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Reviewed by: Carl Nelson [03.05.08]


SP1, we need you!

It's certainly been a rocky start for Microsoft's latest OS, which has had its ups and downs since launching a little over a year ago. Despite the fact that most of these people have never actually used it, there is still an overwhelming number of detractors. Many people see Vista as sluggish and bloated.

After a year, the market share for Vista has barely reached 12% (source), with most people preferring to stick with XP. Looking at this site's visitors' stats, it appears to be true (about 11% of the readers of this site use Vista).

It appears that Microsoft have a lot of work cut out for them in order to convince the majority of the public that they should upgrade to Vista. Personally, I have been using it since about Day 1, and have nothing but good things to say about it. Assuming you have a decent computer (anything built in 2007 or later will be fine) and enough ram (with today's prices, there really is no excuse to have less than 2GB installed) it is quite snappy. The extra features and gadgets are nice, and stability is rock solid. I am writing this on a PC that hasn't been rebooted in over 6 months.

Still, there is a lot of work to be done, and this month Microsoft is releasing a huge Service Pack that contains fixes and updates that range from important performance issues to deep-down functionality tweaks. SP1 is already available to MSDN subscribers, and will be made available to the public within a few weeks. For an insane amount of details, feel free to take a look at Microsoft's SP1 whitepaper. It will tell you everything you need to know, and more. SP1 also includes all the fixes that have been released since launch.

Performance Boost?

One of the most crucial points the anti-Vista crowd makes is that Vista is much slower than XP in anything from copying files to web browsing. Again, I think that with a modern PC this is barely noticable, but there are definitely some issues with Vista's performance. I have noticed that copying files and folders can sometimes take longer than expected as Vista seems to just sit around doing nothing after the transfer appears to be done. And if Microsoft wants to squeeze out some extra performance from Vista, who is going to argue against that?

I decided to benchmark Vista SP1 against the retail release of Vista with only the current updates installed (as of March 1, 2008). In addition to standard file transfer tests that we know will see some improvements, I also used benchmarking applications that use real-world software that you might use at work or at home every single day. After all, we know that SP1 will probably copy files a bit faster. But how will it affect your Windows experience overall?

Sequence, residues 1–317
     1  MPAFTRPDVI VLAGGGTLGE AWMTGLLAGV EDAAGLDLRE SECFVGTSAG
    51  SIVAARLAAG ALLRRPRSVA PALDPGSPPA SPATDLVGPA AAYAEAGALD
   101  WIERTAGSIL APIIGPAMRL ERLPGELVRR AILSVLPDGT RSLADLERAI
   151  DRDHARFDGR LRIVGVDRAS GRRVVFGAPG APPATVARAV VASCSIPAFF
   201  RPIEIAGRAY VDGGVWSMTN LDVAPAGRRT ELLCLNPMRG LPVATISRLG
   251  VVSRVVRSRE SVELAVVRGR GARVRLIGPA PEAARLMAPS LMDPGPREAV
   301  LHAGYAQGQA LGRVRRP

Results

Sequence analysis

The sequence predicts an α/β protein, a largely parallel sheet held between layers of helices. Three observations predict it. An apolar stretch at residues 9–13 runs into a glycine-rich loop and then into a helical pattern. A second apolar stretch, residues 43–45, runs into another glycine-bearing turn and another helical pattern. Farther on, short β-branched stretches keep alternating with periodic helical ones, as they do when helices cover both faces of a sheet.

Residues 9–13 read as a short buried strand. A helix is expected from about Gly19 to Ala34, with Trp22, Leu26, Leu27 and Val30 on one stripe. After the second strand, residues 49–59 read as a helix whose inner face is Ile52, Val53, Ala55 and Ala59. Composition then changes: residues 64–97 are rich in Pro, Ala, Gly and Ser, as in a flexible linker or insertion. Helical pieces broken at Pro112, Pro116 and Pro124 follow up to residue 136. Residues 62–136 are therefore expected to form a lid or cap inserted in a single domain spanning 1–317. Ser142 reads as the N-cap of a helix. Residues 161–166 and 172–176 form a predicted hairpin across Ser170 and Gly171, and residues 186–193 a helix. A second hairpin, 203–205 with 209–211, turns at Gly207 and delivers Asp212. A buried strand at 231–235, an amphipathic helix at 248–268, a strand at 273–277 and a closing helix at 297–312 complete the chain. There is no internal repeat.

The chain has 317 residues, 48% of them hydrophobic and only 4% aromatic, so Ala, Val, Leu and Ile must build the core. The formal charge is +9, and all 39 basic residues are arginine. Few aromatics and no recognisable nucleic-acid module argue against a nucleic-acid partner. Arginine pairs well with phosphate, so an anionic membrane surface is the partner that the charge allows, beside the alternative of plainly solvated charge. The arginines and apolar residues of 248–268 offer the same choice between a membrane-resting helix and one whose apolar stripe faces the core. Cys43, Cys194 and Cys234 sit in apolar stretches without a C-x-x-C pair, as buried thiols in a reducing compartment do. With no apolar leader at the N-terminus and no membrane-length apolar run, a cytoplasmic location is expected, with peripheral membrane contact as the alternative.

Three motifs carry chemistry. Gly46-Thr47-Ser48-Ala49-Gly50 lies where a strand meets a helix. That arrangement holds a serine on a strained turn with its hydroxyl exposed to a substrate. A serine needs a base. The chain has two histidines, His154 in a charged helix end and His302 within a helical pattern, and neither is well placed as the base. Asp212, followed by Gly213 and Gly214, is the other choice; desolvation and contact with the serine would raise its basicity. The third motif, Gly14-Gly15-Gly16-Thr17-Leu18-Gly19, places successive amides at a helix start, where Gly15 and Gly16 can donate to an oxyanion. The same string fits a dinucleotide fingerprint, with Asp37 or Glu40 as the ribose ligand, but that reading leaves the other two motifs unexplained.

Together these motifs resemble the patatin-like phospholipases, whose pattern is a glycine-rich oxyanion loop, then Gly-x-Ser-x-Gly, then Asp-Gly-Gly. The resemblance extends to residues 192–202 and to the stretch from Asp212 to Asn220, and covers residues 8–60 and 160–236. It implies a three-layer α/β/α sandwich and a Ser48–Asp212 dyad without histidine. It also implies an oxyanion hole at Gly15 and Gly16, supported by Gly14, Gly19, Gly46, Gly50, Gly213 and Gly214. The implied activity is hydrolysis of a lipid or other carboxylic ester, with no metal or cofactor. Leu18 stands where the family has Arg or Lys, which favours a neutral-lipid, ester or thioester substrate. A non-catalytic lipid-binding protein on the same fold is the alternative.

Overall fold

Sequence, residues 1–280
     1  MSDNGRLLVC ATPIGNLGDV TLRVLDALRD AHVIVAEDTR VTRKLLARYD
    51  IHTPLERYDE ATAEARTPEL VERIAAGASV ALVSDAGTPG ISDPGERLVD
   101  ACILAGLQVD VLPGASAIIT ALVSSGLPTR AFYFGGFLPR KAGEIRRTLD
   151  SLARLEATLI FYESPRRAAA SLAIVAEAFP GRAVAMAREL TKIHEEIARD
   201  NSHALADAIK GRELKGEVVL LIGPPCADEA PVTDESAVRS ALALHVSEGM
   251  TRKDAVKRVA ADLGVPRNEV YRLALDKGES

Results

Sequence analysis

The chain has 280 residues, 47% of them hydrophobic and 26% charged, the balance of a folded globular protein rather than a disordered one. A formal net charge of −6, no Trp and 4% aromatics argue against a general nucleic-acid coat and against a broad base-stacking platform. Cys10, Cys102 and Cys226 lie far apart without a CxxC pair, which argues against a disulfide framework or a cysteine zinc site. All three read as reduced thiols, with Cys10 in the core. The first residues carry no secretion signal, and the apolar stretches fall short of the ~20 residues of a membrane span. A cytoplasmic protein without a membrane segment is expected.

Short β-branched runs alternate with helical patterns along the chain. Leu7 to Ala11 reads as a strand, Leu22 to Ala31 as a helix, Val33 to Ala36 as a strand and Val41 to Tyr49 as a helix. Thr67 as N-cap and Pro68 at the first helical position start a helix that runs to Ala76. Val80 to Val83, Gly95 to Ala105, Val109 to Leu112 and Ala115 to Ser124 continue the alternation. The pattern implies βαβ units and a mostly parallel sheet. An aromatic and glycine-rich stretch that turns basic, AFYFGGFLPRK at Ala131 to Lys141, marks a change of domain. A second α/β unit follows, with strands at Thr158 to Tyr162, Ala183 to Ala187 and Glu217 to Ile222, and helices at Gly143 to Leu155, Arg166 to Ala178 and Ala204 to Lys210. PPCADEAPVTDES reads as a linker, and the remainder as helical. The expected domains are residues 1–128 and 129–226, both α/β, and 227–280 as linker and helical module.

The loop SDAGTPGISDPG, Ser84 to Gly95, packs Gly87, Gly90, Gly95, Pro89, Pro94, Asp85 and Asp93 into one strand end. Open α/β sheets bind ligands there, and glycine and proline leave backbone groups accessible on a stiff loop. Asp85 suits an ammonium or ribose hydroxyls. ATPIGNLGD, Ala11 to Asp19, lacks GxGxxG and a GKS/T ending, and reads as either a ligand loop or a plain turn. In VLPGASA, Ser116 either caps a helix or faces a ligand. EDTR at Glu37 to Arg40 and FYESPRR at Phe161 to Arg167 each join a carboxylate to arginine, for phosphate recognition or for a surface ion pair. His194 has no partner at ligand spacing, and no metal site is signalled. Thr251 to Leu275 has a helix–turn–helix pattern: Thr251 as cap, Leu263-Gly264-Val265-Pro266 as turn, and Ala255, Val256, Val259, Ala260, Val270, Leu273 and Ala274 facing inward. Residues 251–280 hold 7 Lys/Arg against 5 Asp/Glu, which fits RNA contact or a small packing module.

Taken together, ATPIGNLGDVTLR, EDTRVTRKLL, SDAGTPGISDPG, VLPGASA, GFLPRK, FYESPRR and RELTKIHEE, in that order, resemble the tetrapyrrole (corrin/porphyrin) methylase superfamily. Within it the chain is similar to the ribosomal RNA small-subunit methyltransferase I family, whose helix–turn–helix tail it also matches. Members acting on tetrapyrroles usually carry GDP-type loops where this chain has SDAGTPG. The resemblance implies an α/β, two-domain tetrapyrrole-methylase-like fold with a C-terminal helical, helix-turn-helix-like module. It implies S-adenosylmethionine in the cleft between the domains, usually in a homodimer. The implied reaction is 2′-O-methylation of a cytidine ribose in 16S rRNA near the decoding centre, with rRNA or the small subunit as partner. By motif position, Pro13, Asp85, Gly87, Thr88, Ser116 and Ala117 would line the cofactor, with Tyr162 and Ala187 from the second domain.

The following software is tested throughout this article:

Integrated Vista components:

  • Windows Photo Gallery
  • Windows Movie Maker
  • Windows Media Center
  • Internet Explorer 7
  • Windows Media Player 11
  • Windows Defender
  • Windows Live Messenger
  • Windows Mail
  • Windows Contacts
  • WordPad
  • Vista's integrated compression API (FSCTL_SET_COMPRESSION)
  • Vista's integrated decompression API (LZRead)
  • Vista's integrated cryptography API (Next Generation)

External Applications:

  • Microsoft Word 2007
  • Adobe Photoshop CS2
  • Microsoft Outlook 2007
  • Adobe After Effects 7
  • Adobe Illustrator CS2
  • Adobe Photoshop CS2
  • AutoDesk 3ds Max 8
  • Macromedia Flash 8
  • Microsoft Excel 2003
  • Microsoft Outlook 2003
  • Microsoft PowerPoint 2003
  • Microsoft Word 2003
  • Microsoft Project 2003
  • Microsoft Windows Media Encoder 9 series
  • Sony Vegas 7
  • SketchUp 5
  • WinZip 10.0
  • dbPowerAmp
  • LAME MP3 Audio Codec
  • WMA 9.2 Audio Codec
  • WMA 10 Professional Audio Codec
  • VirtualDub
  • DivX 6.8 Video Codec
  • XviD 1.1.3 Video Codec
  • CineBench R10
  • Call of Duty 4
  • Crysis
  • Unreal Tournament 3
The Specs

I decided not to use the latest, fastest, most hardcore PC you can build today to perform these tests. Instead, I put together a decent system that can be built for well under $1000.

  • CPU: Intel Core 2 Duo 6700 (2.66 GHz, 1066 FSB)
  • Memory: 2GB A-Data DDR2-800 5-5-5-18-2T
  • Motherboard: Gigabyte GA-965P-DS3 (Intel P965 Express chipset, ICH8 Southbridge)
  • Hard Drives:
    • Install Drive: WD Raptor 36GB 10K RPM SATA
    • Benchmark Drive 1: WD Raptor 36GB 10K RPM SATA
    • Benchmark Drive 2: Seagate 120GB 7200 RPM SATA
  • Video Card: Nvidia GeForce 7950GT (ForceWare 169.25 WHQL)

The following settings were used in Vista:

  • Windows Sidebar disabled
  • Aero Enabled
  • Display Resolution: 1440x900
  • Performance: Best Appearance
  • Power Plan: High Performance
  • Screen Saver: Disabled
  • Sleep: Never
  • Monitor Off: Never

The version of Vista used was Home Premium 32-bit edition.

With all that out of the way, let's see how much (if at all) Vista improves performance!

Next Page: (File Copying)